Long-term and strong economic growth in Saskatchewan requires a full return of private sector investment. Public spending alone is not enough to really get the economy moving with all cylinders firing. Given that construction is a service industry that depends on this investment to drive activity, it makes sense for our industry to be heavily focused on attracting that investment.

    With that in mind, the SKCA and the Industry Advisory Council created a working group to improve Saskatchewan’s performance when it comes to this attraction of investment. In 2021, the working group is focused on building a strong coalition of other business association partners who wish to work on this issue. We are also developing a list of Saskatchewan’s assets and strengths, and our liabilities and weaknesses, when it comes to investment attraction, all with a goal of positioning Saskatchewan to successfully compete for and win more investment opportunities. Additionally, we have been hosting quarterly economic update sessions with key industry experts on opportunities for Saskatchewan and out-of-the-box ideas for our province’s success. These sessions are free for members to attend, more information can be found in our Member Update.

    There are lots of examples, both around the world, and here in Canada, of jurisdictions that are successful at attracting investment. Saskatchewan does not have to reinvent the wheel, but our work in 2020 on this topic made it clear that we do have work to do as a province. There is not enough coordination between provincial, municipal, and private sector parties when it comes to investment. Shockingly, Saskatchewan does not have enough certifiable and ready-to-use industrial land. These are solvable problems. The SKCA intends to be part of the group to propose and implement solutions, and to support the driving of more investment into our province. This investment will spur more construction activity, which will be good for our industry, and our members.

    Strengthening Relationships with Owners and Design Consultants

    This year the SKCA partnered with KPMG to launch a new initiative called the Infrastructure Owner Forum (IOF). Borrowed from our sister association the Edmonton Construction Association, the IOF brings together public and private sector asset owners to provide them with a forum for dialogue and discussion about common issues, challenges, and owner best practices. The SKCA supports and administers the group and is at the table for all discussions. The IOF will enable lots of engagement with key asset owners from across the public sector and the private sector.

    On the design consultant side, the SKCA is working with Saskatchewan-based architects to help them create an advocacy committee that can work to lobby on behalf of local Architects. As the association supporting this architect committee, we will be directly connected to the issues and priorities of local Architects and will have the opportunity to raise industry priorities with them.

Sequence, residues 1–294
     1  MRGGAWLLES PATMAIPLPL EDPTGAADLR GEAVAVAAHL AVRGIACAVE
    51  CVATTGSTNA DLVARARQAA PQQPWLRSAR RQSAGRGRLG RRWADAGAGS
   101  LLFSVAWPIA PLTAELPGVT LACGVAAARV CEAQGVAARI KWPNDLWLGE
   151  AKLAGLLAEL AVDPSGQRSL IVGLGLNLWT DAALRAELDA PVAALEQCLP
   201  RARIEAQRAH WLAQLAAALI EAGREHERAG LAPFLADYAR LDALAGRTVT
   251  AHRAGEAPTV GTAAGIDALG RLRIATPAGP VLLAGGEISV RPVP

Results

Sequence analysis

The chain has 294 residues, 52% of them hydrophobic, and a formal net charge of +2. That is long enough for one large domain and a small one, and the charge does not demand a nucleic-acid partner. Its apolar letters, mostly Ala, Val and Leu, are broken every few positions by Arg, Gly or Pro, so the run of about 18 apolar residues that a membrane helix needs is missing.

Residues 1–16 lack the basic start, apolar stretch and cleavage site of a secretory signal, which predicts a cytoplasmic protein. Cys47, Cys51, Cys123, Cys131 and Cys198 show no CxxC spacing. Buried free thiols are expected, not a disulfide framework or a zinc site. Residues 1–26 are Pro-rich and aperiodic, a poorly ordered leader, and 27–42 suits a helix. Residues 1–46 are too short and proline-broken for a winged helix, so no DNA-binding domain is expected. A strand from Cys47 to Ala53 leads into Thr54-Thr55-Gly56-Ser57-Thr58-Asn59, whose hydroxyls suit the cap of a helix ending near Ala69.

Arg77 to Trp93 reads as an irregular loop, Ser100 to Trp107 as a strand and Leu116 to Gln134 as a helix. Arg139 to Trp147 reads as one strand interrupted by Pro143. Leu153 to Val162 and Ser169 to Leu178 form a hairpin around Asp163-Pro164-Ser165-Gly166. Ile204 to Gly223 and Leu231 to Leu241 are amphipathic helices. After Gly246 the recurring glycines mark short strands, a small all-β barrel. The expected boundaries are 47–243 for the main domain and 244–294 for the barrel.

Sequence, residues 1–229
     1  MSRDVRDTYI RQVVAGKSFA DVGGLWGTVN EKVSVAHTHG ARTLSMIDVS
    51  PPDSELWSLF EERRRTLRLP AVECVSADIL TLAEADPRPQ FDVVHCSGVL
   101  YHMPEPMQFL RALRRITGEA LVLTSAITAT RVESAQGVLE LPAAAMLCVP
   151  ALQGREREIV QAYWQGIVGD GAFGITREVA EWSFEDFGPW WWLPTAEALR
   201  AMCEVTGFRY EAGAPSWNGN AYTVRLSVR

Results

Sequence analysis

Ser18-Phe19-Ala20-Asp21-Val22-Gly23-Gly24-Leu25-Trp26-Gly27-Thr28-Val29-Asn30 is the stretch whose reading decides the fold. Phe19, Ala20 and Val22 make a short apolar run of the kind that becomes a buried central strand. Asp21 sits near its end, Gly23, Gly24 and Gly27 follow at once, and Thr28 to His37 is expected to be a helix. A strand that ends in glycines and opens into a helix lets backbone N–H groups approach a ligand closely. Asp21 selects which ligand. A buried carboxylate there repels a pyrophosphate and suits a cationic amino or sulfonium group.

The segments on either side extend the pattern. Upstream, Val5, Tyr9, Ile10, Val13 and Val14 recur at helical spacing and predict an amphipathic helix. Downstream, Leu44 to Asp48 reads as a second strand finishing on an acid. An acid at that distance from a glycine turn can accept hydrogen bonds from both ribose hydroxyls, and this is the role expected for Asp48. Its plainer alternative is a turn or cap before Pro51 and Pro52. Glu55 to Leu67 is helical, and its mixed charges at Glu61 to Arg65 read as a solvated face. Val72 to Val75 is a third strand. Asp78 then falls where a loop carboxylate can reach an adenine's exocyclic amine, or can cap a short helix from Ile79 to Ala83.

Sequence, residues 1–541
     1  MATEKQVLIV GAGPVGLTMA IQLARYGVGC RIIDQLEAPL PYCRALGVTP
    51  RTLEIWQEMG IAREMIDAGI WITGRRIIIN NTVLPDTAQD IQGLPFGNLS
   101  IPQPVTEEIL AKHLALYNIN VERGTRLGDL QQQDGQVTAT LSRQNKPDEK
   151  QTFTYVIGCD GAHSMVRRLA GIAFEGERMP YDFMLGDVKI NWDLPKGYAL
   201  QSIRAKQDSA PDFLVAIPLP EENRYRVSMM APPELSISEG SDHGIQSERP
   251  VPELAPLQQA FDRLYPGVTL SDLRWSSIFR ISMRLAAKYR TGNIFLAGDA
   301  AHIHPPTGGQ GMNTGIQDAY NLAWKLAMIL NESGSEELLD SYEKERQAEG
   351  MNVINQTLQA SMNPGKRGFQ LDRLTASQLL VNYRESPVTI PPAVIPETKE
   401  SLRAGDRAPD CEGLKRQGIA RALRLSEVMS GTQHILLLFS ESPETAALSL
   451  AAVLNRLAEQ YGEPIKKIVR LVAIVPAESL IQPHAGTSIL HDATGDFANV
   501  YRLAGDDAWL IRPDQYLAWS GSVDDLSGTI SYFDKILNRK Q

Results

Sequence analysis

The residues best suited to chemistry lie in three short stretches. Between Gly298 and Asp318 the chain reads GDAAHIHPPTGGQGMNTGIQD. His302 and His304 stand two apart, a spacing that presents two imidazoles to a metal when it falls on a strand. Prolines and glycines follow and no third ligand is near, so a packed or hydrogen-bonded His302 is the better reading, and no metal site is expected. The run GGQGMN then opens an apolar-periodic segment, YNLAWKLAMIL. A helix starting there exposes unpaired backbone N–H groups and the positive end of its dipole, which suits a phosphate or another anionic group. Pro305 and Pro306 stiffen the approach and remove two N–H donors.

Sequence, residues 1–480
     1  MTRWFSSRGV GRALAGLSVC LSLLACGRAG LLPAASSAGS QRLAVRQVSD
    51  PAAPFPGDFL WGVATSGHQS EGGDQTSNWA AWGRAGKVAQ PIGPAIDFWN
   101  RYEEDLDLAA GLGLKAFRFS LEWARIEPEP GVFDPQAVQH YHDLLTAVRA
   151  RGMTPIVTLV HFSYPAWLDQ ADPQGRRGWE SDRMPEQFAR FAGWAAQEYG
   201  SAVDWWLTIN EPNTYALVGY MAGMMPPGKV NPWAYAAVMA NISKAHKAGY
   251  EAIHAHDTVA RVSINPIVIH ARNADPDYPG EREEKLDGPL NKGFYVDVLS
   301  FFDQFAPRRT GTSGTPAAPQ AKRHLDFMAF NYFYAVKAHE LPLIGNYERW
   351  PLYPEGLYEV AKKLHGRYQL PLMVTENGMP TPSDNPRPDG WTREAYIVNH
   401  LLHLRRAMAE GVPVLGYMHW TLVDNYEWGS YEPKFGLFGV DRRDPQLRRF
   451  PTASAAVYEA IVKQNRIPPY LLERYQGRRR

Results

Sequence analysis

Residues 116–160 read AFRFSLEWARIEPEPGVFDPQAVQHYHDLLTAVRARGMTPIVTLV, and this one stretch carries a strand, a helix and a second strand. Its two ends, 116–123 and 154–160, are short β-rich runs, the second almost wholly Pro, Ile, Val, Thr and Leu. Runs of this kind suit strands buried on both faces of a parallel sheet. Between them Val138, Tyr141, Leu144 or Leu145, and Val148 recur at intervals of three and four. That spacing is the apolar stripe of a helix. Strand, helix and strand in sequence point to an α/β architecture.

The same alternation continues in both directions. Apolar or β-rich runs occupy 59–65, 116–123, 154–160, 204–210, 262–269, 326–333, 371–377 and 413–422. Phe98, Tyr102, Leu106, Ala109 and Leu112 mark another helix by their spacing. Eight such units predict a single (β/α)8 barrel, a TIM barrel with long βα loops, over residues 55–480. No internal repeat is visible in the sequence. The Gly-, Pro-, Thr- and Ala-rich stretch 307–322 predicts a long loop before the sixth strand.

SupplierLink Saskatchewan

    In May, the SKCA officially launched Saskatchewan’s first ever construction-focused vendor management system. We called it SupplierLink Saskatchewan, and I am very happy to note that, at the time of writing this, the system has met with very strong early success. SupplierLink was created in partnership with our technology partner EHS Analytics.

    It is a web-based platform that enables the buyers of construction services, wherever they are in the construction supply chain, to connect with the suppliers of those services.

    It was created to change the game for trade contractors, enabling them to showcase their services to any general contractor and/or owner, and only need to maintain one profile for one low price per year.
    Of course, it will not just help trade contractors, it will also make the lives of buyers (general contractors and owners) easier too. The system will let them find new suppliers that they have never connected with before, to manage their existing list of suppliers, and to better organize and understand the data and information about each of their suppliers.

    The system includes an ever-expanding list of externally validated data points, such as WCB clearance and COR certification. The system keeps these data points updated for suppliers, and buyers can rest assured that this information is accurate thanks to automated external verification.

    I am confident that in time, SupplierLink will achieve the objectives the SKCA set out to achieve with this platform. Those objectives included to: (1) push back against the rise of expensive and cumbersome third-party verification systems like ISNet in the public sector in Saskatchewan; and (2) to create a mechanism that would enable owners to standardize the process of contractor pre-qualification.

    The combination of a great system, at a far-below market price, with strong industry adoption to date, and the advocacy push of the SKCA will all help ensure the success of SupplierLink. I would encourage you to find out more about the system by visiting www.supplierlinksk.ca, or reaching out to us directly.